# pset4 ./resize .2 (.4)

I'm done with resize [more]. And check50 was ok. But when i check my program for not 0.25/0.5 size, but for size 0.2/0.4 the image was fail ./resize .2 large.bmp student.bmp

• .1 - OK .15 - OK
• .2 - err .25 - OK
• .3 - err .35 - err
• .4 - err .45 - err
• .5 - OK .55 - err
• .6 - err .65 - err
• .7 - err .75 - OK
• .8 - err .85 - err
• .9 - err .95 - err

I tried to change (int)(bi.biWidth * f) to (int)round(bi.biWidth * f) and/or (out_bi.biWidth * sizeof(RGBTRIPLE)) to ((int)round(out_bi.biWidth * sizeof(RGBTRIPLE))) but it does not help.

I tried to use ceil floor, but it does not help.

Anyone have idea how to fix it?

my code

EDIT:

For example 0.75 vs 0.70

``````int row = 0;
int col = 0;

row += abs(out_bi.biHeight);
while (row > 1)
col += out_bi.biWidth;
while (col > 1)
col-=bi.biWidth;
row-=abs(bi.biHeight);
``````

I tried to change row and col before 'cycle' and change it in 'while' but it does not help. I miss something, but i don't know what.

`f < 0 && f > 100` should be `f <= 0 || f > 100`. Not your current problem, though.
In my solution, which is very similar, I avoid floating point. First, I calculate `round(bi.biWidth * f)` and so on (no differentiation between scaling up or down), from then I only work with the old and new width and height, which are integers. Adding new size before the while loop, subtracting old size in the loop. That way, my bitmap is always consistent with the image dimensions, no further rounding errors possible.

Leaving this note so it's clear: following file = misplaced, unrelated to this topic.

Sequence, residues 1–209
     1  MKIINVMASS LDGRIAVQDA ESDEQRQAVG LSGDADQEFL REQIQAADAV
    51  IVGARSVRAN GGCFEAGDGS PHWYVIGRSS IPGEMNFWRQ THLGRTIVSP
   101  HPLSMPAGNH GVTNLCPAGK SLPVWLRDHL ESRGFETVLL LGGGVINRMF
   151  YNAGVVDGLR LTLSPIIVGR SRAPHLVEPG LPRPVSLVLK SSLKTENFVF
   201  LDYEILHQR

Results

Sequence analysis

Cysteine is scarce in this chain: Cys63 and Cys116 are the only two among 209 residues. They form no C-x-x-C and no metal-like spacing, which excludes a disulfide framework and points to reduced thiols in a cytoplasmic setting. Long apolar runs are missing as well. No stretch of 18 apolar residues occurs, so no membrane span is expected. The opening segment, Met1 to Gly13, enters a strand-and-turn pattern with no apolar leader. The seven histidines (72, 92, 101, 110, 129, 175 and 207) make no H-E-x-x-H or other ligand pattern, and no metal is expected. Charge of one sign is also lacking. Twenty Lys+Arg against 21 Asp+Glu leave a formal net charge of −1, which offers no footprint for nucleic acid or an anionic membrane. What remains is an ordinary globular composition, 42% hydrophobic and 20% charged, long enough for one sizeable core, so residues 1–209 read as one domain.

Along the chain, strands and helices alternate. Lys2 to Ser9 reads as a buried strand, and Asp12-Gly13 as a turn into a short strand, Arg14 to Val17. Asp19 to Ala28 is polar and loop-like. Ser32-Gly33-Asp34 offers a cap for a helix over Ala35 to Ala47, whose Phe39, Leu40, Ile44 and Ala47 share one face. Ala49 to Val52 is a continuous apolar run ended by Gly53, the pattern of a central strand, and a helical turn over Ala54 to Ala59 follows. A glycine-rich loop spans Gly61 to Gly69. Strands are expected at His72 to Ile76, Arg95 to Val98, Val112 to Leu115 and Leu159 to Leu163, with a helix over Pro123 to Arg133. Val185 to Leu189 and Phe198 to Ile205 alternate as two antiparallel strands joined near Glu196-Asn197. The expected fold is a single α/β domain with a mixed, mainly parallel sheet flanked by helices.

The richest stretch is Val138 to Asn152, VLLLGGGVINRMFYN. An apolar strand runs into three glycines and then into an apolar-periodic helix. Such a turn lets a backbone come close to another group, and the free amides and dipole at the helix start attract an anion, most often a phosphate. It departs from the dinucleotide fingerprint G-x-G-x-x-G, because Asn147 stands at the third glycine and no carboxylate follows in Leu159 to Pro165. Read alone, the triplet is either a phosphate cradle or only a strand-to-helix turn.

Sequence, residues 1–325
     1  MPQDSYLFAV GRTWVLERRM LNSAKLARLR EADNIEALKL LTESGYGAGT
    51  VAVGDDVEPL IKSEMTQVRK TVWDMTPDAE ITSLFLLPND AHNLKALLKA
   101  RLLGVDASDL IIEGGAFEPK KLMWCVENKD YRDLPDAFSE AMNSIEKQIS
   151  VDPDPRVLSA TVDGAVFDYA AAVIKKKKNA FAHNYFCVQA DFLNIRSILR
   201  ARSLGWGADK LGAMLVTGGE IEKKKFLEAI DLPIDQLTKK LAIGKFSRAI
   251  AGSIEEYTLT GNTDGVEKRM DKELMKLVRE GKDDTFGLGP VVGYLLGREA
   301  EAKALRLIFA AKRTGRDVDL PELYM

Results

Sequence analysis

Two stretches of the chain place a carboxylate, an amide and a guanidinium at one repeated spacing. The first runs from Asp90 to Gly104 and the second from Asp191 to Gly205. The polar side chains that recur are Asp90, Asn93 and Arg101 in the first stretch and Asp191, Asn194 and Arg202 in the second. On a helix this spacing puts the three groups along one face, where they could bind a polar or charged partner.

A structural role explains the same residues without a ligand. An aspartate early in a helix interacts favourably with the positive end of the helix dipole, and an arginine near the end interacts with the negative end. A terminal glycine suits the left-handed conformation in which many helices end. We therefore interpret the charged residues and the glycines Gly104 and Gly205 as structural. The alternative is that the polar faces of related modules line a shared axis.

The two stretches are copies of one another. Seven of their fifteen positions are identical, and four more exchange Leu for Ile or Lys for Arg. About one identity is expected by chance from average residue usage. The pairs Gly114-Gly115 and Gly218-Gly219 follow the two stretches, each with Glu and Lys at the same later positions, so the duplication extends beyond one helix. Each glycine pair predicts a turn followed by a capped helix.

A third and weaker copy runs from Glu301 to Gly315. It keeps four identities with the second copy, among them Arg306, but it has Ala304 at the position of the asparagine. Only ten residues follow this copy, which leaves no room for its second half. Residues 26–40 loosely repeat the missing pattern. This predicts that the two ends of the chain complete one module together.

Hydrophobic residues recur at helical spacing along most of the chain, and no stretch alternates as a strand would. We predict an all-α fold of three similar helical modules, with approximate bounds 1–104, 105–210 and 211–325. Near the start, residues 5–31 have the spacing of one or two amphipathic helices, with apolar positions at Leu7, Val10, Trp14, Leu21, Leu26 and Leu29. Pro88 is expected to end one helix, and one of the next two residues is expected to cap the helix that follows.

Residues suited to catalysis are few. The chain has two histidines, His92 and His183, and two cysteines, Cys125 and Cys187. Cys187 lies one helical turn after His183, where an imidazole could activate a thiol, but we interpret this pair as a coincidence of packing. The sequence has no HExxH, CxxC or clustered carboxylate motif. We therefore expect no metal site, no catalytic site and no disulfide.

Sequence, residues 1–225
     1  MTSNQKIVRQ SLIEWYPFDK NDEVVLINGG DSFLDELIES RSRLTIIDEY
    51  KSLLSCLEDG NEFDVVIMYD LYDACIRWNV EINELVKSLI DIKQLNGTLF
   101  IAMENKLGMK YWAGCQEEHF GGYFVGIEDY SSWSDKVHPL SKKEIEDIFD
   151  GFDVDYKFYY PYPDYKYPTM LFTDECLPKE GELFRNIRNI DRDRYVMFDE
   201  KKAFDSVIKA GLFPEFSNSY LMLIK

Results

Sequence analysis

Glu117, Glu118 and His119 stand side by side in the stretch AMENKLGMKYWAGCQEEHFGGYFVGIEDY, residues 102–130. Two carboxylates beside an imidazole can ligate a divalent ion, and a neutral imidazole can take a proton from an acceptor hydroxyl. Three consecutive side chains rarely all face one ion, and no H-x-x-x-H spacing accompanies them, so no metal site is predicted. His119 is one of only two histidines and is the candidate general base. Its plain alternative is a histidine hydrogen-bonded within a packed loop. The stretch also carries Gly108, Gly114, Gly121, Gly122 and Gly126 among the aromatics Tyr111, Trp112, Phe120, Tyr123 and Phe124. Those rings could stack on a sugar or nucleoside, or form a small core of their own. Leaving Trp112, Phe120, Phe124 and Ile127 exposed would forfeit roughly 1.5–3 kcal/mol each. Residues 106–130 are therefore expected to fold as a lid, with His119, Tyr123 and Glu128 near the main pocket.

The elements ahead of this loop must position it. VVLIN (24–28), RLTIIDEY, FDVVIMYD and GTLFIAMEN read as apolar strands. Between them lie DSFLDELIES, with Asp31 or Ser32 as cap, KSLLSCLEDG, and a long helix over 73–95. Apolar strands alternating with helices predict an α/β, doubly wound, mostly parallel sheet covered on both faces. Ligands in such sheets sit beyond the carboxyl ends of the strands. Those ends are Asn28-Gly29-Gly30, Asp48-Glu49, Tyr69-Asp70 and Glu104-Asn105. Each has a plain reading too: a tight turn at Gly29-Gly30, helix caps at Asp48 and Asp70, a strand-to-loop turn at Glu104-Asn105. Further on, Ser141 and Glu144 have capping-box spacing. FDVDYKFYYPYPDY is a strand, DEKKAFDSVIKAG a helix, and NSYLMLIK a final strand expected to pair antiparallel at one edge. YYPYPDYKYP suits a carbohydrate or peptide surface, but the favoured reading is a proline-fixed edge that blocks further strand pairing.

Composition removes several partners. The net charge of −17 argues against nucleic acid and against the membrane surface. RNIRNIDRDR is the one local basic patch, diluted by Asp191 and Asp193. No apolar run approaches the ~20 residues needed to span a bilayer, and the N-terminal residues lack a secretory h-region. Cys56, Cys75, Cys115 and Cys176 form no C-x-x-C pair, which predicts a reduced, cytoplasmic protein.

• Instead of `row += f;`, I have `row += new_height;`, and instead of `row--;` I have `row -= old_height;`. Absolute heights in this case, not negative. All integer. `f` appears only in determining the new size, and never again. Apr 27, 2018 at 16:20
• If `new_height == old_height * f` is true, that's the same as you do, multiplying both the added and the subtracted value with `old_height`, but preserving the ratio. Rounding errors might make your version fail, mine is consistent. It would probably break at images with more than one billion pixels in one dimension (around 2^30). But I think that's ok for the moment. Apr 27, 2018 at 16:28
• You initialise the values to 0, then I'd test for `>0` rather than `>1`. But what's the problem? Apr 30, 2018 at 15:56